NRAS has always advocated that access to the most appropriate treatment at the right time to bring RA disease activity under optimal control will greatly reduce the impact and burden of disease on individual lives. This change will also enable many more people living with RA to continue to work and live full, productive lives. Earlier treatment in the disease pathway of those with uncontrolled disease will benefit not only the individual but their families, the economy and the health service leading to potentially less surgical and clinical intervention and ultimately less disability. Most European countries do not have the very high eligibility criteria imposed by NICE in the UK for the last two decades which, by comparison, has disadvantaged people with RA in the UK. This very welcome news regarding filgotinib (Jyseleca) brings us a step closer to alignment with most of the rest of Europe.

Our helpline hears on a daily basis just how poor quality of life can be for people with moderate disease who don’t quite reach the currently eligibility criteria to move to a more effective treatment which could bring their disease under better control. It is incredibly reassuring that NICE has now widened access for this new drug and we hope that soon access to other therapies will also be considered as NRAS and the BSR have been calling for.
Ailsa Bosworth, MBE, National Patient Champion
Living with constant pain, fatigue and the fear of long-term disability with the anxiety and potential mental health issues that this can cause, has been a situation which has troubled us at NRAS for a long time. ‘Moderate’ is not a word we would use to describe RA for many of the people categorised as such. The word conjures up thoughts of perhaps something ‘not too serious’, and while ‘uncomfortable – bearable’. I don’t think I have ever met someone living with RA with disease categorised as ‘moderate’ who would agree that their disease is ‘bearable’. They have to bear with it, but they pay a very heavy price in every aspect of their lives as has been shown by our above paper. This new JAK inhibitor is the start of a much brighter future for many once clinicians have this as an option for treating ‘moderate’ disease. It is a very significant milestone in the treatment of rheumatoid arthritis.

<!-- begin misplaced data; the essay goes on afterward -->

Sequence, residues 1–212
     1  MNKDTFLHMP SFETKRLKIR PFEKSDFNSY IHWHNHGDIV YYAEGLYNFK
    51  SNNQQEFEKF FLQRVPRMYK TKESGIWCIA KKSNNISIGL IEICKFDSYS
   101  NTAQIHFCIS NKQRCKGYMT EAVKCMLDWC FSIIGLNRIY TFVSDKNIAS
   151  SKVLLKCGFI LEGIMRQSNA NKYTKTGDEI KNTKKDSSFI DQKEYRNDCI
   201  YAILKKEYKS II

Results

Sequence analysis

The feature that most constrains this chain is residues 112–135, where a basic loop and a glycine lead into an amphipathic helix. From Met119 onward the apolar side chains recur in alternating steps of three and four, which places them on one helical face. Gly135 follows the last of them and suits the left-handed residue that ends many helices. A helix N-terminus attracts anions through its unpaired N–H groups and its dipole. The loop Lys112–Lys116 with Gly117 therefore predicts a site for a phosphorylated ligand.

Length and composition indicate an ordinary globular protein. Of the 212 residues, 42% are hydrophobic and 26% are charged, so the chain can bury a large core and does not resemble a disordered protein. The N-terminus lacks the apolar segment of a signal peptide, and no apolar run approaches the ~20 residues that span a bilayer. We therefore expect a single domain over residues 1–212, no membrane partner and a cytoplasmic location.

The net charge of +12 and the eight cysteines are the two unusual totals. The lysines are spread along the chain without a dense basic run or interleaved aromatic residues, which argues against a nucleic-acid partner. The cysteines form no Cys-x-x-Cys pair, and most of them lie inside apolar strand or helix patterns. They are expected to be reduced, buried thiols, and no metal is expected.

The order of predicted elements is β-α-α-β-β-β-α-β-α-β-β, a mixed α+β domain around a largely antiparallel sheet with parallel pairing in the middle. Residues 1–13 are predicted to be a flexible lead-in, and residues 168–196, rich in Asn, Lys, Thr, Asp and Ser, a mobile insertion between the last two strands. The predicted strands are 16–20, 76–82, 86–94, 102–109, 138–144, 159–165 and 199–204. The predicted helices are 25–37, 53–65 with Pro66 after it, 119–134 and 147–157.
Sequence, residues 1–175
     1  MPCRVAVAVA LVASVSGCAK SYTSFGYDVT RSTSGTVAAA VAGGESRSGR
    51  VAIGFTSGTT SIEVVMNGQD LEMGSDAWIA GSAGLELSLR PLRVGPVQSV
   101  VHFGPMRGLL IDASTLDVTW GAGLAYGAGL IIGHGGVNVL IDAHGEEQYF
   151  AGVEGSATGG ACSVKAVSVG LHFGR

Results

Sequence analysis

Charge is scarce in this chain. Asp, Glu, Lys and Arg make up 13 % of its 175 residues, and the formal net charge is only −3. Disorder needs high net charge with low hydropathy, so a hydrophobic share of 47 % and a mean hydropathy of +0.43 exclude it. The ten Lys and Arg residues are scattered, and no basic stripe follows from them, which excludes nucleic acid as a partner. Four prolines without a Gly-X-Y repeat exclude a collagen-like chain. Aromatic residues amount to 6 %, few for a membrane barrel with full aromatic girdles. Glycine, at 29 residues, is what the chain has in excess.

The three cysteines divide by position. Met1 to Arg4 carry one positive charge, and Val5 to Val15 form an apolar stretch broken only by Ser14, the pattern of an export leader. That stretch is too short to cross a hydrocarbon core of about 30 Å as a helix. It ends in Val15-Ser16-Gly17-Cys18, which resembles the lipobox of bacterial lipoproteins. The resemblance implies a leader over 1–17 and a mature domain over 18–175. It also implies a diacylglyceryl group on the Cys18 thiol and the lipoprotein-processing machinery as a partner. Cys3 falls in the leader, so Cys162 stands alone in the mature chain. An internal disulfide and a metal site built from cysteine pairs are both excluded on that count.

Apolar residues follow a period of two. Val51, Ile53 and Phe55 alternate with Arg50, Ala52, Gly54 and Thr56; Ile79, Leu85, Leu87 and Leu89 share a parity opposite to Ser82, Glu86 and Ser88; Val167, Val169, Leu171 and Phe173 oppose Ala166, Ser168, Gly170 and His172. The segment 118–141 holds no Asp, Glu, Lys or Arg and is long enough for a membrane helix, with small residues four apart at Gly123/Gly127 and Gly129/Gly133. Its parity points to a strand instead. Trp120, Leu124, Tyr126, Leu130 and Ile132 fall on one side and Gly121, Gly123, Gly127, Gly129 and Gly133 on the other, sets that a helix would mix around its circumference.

Clare Jacklin, NRAS Chief Executive
It has been wonderful to see enormous advances in clinical science over the last generation with the development of many highly effective therapies. But for far too long in the UK, access to the most potent treatments has been restricted to those individuals with the highest disease activity. This has meant that many people living with debilitating symptoms related to disease activity have been denied the chance to try potent drugs and, in some cases, to prevent further disease progression. It is therefore wonderful news that filgotinib (Jyseleca) will now be available to help some such individuals. It is important to remember, however, that your physician will need to discuss the potential benefits as well as any potential risks of available therapies in your individual case. We still cannot cure or completely remove all the features of RA. But it is the case that the outlook is better than ever before!
Prof Peter Taylor, Chief Medical Advisor to NRAS